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How to cope with seasonal depression

Seasonal Depression PKG - Scott Brazda 12-10-2020.JPG
Posted at 8:13 PM, Dec 10, 2020
and last updated 2020-12-10 21:13:37-05

LAFAYETTE, La.  — The year 2020 and the word 'depression' have certainly gone hand in hand: pandemic depression, economic depression, hurricane depression and now, holiday depression.

"Holiday depression is seasonal, anytime from around Halloween to New Year's, those feelings tend to be escalated because of the added stress of the holidays, family issues, financial issues or just unmet expectations about the holidays," said Dr. Amy Cavanaugh, a clinical and medical psychologist.

Unmet expectations are part of it. And one of the keys to handling that, says Cavanaugh, is giving yourself a break. You can't - and shouldn't - do everything.

"And I really wish people would be very gentle with themselves, compassionate with themselves and some days are just not going to feel as good as other days," said Cavanaugh. "And managing your expectations of yourself and other people and of your schedule and really not trying to take on everything of the holidays."

Anxiety and depression during Christmas happens to everyone. And, yes, even our psychologist who got a bit tense while shopping with her daughter.

"And she's like, 'Mom, wants wrong with you?' I said, 'You don't understand; there's so much to do at Christmas!" laughs Cavanaugh. "She said, 'you just buy the presents' and I said, 'well, there's a lot more that goes into it.'"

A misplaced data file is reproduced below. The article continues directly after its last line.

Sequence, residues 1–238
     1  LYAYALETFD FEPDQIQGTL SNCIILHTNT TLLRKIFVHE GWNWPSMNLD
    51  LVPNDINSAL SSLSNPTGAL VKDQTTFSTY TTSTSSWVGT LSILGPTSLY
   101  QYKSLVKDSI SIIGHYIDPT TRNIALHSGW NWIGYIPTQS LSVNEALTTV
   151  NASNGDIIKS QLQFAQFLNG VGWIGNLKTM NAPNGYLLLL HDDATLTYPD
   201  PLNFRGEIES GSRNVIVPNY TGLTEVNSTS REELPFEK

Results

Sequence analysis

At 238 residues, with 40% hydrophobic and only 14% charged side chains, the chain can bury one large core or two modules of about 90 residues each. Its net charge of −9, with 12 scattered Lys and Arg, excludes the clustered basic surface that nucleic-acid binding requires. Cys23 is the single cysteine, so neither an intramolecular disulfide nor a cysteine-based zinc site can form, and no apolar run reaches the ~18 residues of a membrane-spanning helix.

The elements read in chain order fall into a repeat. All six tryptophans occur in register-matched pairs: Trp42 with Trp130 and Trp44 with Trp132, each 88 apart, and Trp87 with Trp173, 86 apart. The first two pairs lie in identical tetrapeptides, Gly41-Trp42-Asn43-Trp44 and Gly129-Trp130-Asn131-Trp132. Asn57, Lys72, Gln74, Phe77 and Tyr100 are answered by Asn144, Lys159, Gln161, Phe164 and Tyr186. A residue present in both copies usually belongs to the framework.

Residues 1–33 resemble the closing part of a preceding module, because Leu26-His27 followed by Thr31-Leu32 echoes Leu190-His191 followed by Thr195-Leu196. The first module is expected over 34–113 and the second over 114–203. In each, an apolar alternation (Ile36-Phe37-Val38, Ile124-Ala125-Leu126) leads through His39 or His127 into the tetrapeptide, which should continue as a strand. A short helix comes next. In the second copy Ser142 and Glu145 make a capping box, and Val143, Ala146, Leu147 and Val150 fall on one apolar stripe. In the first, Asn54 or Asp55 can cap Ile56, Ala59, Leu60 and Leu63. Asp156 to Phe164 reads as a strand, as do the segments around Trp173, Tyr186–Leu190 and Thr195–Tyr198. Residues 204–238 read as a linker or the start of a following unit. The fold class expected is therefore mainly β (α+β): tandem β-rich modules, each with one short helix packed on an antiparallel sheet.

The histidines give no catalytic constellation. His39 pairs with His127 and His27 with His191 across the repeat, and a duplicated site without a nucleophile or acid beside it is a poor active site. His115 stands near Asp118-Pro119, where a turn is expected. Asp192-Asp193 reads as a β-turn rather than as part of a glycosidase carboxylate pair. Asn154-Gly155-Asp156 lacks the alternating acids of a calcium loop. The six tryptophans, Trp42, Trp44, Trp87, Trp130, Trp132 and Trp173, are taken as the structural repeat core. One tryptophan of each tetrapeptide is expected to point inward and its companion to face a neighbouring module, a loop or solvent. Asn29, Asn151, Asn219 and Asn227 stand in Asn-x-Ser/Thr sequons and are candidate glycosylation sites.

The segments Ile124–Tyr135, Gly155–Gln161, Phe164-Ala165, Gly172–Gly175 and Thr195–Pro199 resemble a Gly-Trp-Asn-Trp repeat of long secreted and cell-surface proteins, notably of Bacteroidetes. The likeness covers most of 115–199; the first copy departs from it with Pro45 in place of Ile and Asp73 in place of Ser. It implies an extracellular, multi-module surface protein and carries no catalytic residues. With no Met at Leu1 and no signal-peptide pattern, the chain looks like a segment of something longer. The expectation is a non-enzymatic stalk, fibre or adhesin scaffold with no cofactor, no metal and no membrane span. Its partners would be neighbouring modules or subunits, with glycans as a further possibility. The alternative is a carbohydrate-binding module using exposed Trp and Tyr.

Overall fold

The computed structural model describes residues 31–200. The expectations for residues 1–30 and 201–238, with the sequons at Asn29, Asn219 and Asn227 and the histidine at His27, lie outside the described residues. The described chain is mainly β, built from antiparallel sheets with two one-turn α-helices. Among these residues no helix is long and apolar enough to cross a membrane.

Cavanaugh offers some tips: exercise is huge, get outside if you can, just to walk. And watch those holiday treats - at least in moderation.

But the biggest keys seem to be understanding it's OK to get down every so often, and don't be reluctant to reach out and ask for help.

"Definitely reach out," said Cavanaugh. "Sometimes the clergy, your priest your pastors, schools, school counselors those people are there to help, too."

With COVID aka the pandemic, and hurricanes, and now the need to be jolly? Cavanaugh says it's OK not to be.

"And to recognize you are going to have feelings of sadness and not to push against that or feel like you should be happy just because it's the holidays," she said.

A couple takeaways from yours truly: realizing you're not the only one going through this. And understanding that if this goes past two weeks, you might want to reach out and get some help.

People are there for you.

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